Figure 8-1 contains a list of measures specifically prohibited by the TRIMs Agreement. Note that this figure is not exhaustive, but simply illustrates TRIMs that are prohibited by the TRIMs Agreement. The figure, therefore, calls particular attention to several common types of TRIMs. We would add that this figure identifies measures that were also inconsistent with Article III:4 and XI:1 of GATT 1947. Indeed, the TRIMs Agreement is not intended to impose new obligations, but to clarify the pre-existing GATT 1947 obligations. Under the WTO TRIMs Agreement, countries are required to rectify any measures inconsistent with the Agreement, within a set period of time, with a few exceptions (noted in Figure 8-2).
|<Figure 8-1> Examples of TRIMs Explicitly Prohibited by the TRIMs Agreement|
|Local content requirement||Trade balancing requirements||Foreign exchange restrictions||Export restrictions (Domestic sales requirements)|
|Measures requiring the purchase or use by an enterprise of domestic products, whether specified in terms of particular products, in terms of volume or value of products, or in terms of a proportion of volume or value of its local production. (Violation of GATT Article III:4)||1.Measures requiring that an enterprise's purchases or use of imported products be limited to an amount related to the volume or value of local products that it exports. (Violation of GATT Article III:4)2.Measures restricting the importation by an enterprise of products used in or related to its local production, generally or to an amount related to the volume or value of local production that it exports. (Violation of GATT Article XI:1)||Measures restricting the importation by an enterprise of products (parts and other goods) used in or related to its local Production by restricting its access to foreign exchange to an amount related to the foreign exchange inflows attributable to the enterprise. (Violation of GATT Article XI:1)||Measures restricting the exportation or sale for export by an enterprise of products, whether specified in terms of particular products, in terms of volume or value of products, or in terms of a proportion of volume or value of its local production. (Violation of GATT Article XI:1)|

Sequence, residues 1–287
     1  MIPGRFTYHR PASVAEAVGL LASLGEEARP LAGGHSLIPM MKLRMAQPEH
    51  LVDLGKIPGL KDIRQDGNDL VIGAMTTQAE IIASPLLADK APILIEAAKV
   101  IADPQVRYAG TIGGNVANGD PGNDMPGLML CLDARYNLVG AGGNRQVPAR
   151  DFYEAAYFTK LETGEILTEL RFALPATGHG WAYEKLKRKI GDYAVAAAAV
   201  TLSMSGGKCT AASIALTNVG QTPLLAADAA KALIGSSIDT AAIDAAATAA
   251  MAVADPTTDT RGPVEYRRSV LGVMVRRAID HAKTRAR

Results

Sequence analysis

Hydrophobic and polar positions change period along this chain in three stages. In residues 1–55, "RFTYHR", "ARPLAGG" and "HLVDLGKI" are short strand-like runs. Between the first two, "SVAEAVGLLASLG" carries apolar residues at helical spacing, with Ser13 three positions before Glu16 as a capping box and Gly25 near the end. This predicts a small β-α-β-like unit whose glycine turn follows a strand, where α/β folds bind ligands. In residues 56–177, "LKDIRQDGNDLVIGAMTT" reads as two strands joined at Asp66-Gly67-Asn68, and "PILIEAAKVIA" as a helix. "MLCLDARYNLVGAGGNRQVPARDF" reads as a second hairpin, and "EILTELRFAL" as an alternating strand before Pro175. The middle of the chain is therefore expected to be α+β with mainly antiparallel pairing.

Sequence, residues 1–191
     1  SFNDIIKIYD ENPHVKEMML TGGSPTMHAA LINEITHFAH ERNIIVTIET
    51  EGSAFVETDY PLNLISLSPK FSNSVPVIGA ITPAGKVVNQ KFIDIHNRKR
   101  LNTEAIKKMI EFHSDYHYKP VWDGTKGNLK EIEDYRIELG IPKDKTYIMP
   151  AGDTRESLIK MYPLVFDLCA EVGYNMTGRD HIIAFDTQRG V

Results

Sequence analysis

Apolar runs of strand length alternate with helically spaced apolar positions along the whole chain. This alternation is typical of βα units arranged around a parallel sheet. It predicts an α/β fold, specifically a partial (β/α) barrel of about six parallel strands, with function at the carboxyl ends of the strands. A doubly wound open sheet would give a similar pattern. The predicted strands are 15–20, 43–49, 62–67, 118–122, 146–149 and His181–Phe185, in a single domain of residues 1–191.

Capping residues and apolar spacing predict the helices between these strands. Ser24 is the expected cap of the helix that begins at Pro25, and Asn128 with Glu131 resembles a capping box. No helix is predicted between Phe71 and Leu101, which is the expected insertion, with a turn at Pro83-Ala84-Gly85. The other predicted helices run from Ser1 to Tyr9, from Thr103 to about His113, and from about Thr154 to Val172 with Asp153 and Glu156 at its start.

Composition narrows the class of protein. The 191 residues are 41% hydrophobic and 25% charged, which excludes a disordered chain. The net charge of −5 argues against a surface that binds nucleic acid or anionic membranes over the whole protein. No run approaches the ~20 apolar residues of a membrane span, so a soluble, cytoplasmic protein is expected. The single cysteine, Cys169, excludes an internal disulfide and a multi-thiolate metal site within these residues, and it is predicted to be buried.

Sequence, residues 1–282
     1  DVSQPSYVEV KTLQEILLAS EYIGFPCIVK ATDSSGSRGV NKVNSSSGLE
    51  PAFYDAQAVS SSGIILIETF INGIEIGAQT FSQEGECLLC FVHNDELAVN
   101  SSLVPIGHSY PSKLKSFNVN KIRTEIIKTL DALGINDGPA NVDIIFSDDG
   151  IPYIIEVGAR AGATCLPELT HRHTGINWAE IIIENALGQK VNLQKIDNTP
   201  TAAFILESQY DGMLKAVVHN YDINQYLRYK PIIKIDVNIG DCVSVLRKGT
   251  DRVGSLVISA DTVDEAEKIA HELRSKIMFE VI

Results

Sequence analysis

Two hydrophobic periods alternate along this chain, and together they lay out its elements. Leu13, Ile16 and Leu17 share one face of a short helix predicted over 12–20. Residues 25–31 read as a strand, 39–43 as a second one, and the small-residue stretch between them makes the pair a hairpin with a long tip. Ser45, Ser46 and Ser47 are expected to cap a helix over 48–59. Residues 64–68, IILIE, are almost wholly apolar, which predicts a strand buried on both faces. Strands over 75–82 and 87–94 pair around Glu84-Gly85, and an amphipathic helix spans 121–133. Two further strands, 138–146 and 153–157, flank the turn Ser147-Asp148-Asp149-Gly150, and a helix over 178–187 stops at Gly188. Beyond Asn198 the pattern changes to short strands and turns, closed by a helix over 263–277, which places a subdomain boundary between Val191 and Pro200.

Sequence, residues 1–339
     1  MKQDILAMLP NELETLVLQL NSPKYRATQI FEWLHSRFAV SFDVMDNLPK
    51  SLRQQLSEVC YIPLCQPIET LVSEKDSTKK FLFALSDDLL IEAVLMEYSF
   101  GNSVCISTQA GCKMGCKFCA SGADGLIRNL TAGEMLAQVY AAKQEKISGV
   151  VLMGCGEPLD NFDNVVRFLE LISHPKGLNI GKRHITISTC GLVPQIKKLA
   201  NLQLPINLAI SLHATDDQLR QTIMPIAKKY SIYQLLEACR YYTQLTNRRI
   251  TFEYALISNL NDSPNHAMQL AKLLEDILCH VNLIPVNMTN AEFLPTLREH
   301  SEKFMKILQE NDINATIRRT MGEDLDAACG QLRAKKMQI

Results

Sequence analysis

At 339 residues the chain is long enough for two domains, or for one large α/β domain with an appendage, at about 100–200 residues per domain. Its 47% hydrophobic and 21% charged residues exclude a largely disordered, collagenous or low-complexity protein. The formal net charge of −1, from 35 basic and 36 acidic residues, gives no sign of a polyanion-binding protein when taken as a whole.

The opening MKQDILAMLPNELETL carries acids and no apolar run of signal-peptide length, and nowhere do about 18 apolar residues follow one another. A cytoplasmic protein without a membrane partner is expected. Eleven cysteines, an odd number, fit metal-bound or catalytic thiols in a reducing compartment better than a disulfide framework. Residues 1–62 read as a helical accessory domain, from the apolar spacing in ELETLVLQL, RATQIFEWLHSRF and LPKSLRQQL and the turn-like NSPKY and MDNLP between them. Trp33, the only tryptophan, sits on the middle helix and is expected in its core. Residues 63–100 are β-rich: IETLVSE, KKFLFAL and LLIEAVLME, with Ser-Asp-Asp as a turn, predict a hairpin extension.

|<Figure 8-2> Exceptional Provisions of the TRIMs Agreement|
|Transitional period||Exceptions for developing countries||Equitable provisions|
|Measures specifically prohibited by the TRIMs Agreement need not be eliminated immediately, although such measures must be notified to the WTO within 90 days after the entry into force of the TRIMs Agreement. Developed countries will have a period of two years in which to abolish such measures; in principle, developing countries will have five years and least-developed countries will have seven years.||Developing countries are permitted to retain TRIMs that constitute a violation of GATT Article III or XI, provided the measures meet the conditions of GATT Article XVIII which allows specified derogation from the GATT provisions, by virtue of the economic development needs of developing countries.||To avoid damaging the competitiveness of companies already subject to TRIMs, governments are allowed to apply the same TRIMs to new foreign direct investment during the transitional period described in (1) above.|